Intro to MIG welding


Note: This is just a very general overview of the Welding Intro class curriculum, primarily used as a prompt when instructing the class live. This article is (obviously) not meant to replace being properly trained on the equipment.


  • it’s super cool and feels awesome
  • welders build the world
  • very employable skill
  • can look incredibly awesome
  • it’s a lightning gun!
  • very easy to get ok at it; hard to master
  • might be the only reason to keep you around in the apocalypse


You need to bring/wear:

  • Closed toe shoes
    • It’s a good idea and also a shop-wide rule
  • Long pants
    • Not just for splatter; you can get sunburn too.
  • Non-synthetic fabrics
    • Cotton may burn, but synthetics melt
  • We provide weld jackets, gloves, and helmets


  • general metal handling (heavy, sharp, hot, rusty); common types of gloves
  • arc flash, going blind, testing your hood
  • burning the shit out of yourself, jackets and leather (welding arc can reach 24,000 degrees science / 43,000 degrees freedom)
  • sparks and spatter, catching shit on fire, awareness of what’s around your hood
  • electrical dangers; describe average voltage/amperage ranges. 1A per thou average.
  • zinc poisoning, fume control, ventilation (and how it affects shielding gas)
  • gas cylinder storage, pressure container dangers
  • Where are the fire extinguishers?
    • One above the grinding table, another outside the entrance to the metal shop
  • First aid kits:
    • Weld-specific kit with burn treatments above grinding area
    • Main first aid station in woodshop


  • NOT going to cover stick, tig, brazing, spray transfer, or other processes here.
  • only covering flat position; there is also vertical, overhead, pipe, etc.
  • not going into detail on joint types; fillet, lap, groove, plug, butt, corner, tee, edge, etc
  • Also only focusing on mild steel, no fancy materials like stainless or aluminum.
  • MIG welding = hot glue. Super easy to get OK at, will take you a few years to actually get good.
  • overview of how a MIG welder works; basic circuit, DCEP/reverse polarity, ground clamp, gun, ER70S6 wire, nozzle, spool, gas, etc.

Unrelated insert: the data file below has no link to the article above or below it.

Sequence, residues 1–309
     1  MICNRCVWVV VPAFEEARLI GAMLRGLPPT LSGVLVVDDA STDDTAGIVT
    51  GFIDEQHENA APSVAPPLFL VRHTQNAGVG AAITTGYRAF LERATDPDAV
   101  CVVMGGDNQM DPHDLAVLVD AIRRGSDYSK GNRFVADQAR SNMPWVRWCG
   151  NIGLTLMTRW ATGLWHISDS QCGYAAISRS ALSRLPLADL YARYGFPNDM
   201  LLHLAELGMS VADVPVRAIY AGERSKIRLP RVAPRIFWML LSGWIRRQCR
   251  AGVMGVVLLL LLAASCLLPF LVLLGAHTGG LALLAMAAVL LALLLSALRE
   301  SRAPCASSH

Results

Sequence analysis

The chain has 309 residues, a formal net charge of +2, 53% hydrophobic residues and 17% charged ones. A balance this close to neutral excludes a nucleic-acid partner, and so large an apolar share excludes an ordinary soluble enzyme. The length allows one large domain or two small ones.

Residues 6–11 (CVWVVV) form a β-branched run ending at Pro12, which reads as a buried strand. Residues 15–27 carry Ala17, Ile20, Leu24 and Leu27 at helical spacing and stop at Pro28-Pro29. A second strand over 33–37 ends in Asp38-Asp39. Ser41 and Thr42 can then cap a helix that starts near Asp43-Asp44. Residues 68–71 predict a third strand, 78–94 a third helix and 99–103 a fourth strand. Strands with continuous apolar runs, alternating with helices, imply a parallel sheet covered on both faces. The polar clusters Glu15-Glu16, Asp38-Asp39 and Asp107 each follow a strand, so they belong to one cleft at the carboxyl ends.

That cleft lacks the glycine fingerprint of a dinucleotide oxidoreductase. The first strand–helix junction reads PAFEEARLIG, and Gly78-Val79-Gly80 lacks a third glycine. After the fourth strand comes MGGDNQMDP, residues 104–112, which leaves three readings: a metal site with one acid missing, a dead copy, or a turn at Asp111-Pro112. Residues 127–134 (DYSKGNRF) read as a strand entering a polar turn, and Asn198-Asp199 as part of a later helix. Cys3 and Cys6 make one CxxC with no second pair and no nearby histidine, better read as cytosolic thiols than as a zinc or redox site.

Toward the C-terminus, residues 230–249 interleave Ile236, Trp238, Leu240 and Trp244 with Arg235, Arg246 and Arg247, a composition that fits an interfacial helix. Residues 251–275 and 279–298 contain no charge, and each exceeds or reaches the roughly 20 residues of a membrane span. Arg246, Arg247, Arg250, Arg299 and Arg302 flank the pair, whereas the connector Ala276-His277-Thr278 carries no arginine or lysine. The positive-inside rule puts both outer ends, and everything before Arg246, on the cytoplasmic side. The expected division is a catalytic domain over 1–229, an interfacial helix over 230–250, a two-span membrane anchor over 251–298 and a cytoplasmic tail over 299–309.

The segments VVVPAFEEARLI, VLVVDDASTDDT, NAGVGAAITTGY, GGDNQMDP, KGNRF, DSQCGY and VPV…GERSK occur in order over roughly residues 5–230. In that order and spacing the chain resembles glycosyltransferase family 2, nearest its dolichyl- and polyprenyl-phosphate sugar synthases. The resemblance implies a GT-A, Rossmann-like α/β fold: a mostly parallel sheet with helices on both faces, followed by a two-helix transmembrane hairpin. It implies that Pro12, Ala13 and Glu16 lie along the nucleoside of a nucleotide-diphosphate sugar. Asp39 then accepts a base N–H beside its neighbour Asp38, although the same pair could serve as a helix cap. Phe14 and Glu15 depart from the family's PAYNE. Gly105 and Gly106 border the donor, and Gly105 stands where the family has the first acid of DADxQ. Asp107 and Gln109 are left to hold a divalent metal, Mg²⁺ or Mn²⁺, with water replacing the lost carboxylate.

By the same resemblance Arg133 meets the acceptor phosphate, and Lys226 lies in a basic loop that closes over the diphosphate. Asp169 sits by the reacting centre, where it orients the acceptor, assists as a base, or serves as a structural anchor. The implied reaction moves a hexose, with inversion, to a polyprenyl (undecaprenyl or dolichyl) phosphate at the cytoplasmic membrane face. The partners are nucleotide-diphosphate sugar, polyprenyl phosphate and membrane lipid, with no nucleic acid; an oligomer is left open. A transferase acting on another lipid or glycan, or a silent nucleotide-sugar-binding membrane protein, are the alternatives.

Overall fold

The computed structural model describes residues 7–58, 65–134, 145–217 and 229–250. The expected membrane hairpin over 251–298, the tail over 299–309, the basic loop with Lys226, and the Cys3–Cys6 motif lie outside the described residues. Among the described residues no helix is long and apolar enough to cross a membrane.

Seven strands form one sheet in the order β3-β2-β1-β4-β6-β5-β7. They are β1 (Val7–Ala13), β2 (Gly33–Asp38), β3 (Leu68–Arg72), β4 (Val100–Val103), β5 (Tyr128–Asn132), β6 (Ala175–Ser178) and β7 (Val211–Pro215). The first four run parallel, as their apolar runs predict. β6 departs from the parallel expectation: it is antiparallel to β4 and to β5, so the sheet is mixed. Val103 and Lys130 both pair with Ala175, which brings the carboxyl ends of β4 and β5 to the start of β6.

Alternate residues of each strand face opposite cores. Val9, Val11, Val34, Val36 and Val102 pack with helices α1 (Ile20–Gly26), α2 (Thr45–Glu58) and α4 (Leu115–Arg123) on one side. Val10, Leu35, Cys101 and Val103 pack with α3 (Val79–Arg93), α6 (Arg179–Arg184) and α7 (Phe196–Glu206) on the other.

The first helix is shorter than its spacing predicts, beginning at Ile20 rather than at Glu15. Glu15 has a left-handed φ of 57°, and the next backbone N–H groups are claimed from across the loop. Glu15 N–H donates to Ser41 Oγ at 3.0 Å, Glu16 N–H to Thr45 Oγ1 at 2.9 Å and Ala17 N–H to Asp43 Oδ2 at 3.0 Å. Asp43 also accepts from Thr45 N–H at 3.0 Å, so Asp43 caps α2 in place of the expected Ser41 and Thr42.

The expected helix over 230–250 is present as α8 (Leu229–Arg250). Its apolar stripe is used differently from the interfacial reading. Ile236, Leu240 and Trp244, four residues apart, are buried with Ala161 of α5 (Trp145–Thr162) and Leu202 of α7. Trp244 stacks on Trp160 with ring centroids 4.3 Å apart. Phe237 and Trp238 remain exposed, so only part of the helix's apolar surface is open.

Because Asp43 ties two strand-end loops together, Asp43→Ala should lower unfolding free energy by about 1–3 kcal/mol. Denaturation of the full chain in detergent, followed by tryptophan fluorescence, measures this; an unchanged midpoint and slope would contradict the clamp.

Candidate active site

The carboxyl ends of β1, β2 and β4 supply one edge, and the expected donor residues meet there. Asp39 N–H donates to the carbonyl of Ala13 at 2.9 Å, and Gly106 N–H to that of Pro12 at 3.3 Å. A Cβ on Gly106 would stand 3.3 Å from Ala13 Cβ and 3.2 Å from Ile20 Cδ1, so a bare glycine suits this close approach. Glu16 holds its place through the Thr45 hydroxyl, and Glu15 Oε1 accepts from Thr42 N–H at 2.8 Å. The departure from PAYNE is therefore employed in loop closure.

• Spinny sharp thing safety; loose hair and clothing, face shielding, keep hands away from blades, cut metal is sharp and hot
  • chop saw some angle iron coupons
  • bench grinder on the edges, mention beveling
  • clamp and angle grinder to remove mill scale from plate; what is mill scale?
  • Now we’re ready to weld


  • how to turn the welder on
    • Check ground plug
    • how to set gas flow – 15-25 CFM to start, adjust as needed
  • set wire feed rate and amperage
  • appropriate wire stick-out distance
  • how to shut the welder off
    • Coil wires and leave on hooks
    • Turn off gas
    • Replace dust cover


  • lay plate on table, have students tack edges down
  • demonstrate warping with some flat bar or rod; this is why we tack first. Mention average thermal expansion/contraction rates for steel
  • cover gun positioning, posture, dry run; lay a 1″ bead down; watch the weld puddle closely, this is where the action happens
  • stick a couple coupons to the plate, attach some stuff stuff to other stuff
  • practice fillet welds; demonstrate stringer vs weave
  • general practice time. describe what we’re looking for in good welds; penetration, porosity, buildup
  • If we have adequate time and materials, show blow-through and how to fix it; bridging gaps


  • grind off our tacks, clean up the table
  • put everything away, sweep
  • discuss where to acquire metals in town
  • resources on how to get better
  • Q&A


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